Review: Anna and the Apocalypse

Updated: Dec 11, 2018



After watching Rare Exports last weekend, I was in the mood for another offbeat Holiday movie, and Anna and the Apocalypse—a Christmas musical about the undead invading a sleepy Scottish community—seemed to be just what the doctor ordered. Unfortunately, in execution, the film never quite lives up to its promising premise. Sure, it features impressive gore effects and creative kills galore (our heroes bludgeon zombies with baseball bats, bowling balls, spatulas, watermelons, PS4 controllers, and candy cane lawn ornaments), but the story is far too earnest to suit its subject matter; while the characterization and family drama that motivate the plot are genuinely moving, they fail to provide the sort of tonal contrast that a more overtly tongue-in-cheek approach might have achieved. And although the songs are undeniably catchy, they honestly feel like an afterthought, coming off as impromptu pop music videos rather than an organic and necessary component of the narrative (we’re never treated to anything as novel as a heartfelt love ballad being interrupted by a sudden disembowelment, for example).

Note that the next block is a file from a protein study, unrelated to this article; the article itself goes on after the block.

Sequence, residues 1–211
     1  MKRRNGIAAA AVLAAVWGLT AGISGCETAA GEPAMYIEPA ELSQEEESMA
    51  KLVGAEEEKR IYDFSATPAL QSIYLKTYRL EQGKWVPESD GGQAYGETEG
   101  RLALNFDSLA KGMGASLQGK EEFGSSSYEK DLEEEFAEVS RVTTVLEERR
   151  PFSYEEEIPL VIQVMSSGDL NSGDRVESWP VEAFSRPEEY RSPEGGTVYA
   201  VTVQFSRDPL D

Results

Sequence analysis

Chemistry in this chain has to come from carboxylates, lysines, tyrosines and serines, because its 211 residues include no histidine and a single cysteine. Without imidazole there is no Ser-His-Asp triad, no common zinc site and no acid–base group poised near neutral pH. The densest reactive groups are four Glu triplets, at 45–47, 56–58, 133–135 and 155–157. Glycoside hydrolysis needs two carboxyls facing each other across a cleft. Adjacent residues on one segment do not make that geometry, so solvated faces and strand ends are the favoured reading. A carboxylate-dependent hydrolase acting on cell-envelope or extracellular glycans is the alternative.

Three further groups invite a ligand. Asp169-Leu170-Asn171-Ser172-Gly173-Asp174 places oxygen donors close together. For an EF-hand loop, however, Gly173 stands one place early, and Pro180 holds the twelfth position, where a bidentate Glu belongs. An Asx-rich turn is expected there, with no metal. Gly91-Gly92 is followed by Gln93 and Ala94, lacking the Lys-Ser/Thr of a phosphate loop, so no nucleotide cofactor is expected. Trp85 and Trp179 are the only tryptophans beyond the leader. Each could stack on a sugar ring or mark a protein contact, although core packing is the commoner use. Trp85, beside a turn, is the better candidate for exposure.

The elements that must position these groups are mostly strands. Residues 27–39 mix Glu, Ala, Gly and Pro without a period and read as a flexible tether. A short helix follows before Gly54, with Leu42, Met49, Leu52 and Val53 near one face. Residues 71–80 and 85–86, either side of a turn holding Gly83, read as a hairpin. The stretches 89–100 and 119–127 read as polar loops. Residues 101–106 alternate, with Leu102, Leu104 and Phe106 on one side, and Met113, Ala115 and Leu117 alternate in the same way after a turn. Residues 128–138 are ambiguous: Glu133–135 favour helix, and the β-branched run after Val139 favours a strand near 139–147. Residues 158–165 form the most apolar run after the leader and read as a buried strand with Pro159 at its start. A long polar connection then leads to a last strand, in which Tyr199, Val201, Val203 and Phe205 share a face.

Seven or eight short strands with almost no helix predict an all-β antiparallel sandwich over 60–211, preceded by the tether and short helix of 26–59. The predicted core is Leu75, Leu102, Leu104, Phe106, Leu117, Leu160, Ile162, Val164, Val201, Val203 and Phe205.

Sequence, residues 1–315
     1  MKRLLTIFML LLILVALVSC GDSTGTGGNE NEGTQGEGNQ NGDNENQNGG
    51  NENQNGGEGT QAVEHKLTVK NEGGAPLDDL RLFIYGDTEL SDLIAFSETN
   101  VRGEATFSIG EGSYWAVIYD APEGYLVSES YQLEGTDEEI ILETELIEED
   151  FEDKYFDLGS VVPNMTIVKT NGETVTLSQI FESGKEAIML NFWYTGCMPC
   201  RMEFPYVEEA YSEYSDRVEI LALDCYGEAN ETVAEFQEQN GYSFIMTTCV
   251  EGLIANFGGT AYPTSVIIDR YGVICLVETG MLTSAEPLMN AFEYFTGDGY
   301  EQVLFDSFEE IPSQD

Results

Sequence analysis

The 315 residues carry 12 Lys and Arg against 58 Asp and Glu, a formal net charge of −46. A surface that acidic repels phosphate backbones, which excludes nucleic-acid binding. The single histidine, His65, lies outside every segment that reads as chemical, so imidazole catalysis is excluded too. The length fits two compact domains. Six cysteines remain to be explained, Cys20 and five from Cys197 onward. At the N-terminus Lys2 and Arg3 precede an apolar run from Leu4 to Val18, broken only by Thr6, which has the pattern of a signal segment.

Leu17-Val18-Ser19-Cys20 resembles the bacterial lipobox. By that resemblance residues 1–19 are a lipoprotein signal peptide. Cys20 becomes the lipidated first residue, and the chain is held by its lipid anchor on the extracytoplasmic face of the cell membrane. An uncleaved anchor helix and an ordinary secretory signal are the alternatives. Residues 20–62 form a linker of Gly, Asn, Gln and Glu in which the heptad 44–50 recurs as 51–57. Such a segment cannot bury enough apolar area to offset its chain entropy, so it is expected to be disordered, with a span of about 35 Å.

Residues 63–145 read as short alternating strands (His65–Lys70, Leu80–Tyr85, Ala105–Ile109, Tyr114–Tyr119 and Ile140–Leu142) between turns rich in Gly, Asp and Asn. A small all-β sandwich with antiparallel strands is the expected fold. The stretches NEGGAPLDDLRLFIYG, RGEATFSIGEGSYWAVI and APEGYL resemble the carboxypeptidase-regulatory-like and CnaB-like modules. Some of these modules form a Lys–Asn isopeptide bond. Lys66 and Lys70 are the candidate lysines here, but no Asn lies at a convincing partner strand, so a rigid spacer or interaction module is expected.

The cast, at least, has fun with the material—especially Paul Kaye as the tyrannical Headmaster Savage, who is delighted that his unruly students finally lack free will, and are thus unable to defy him. At the end of the day, however, Anna and the Apocalypse simply isn’t the genre mashup I was hoping for. It’s got plenty of delicious ingredients, but when they’re thrown together so haphazardly, the result is a bit of a cinematic mess—perfectly enjoyable in the moment... but ultimately forgettable.

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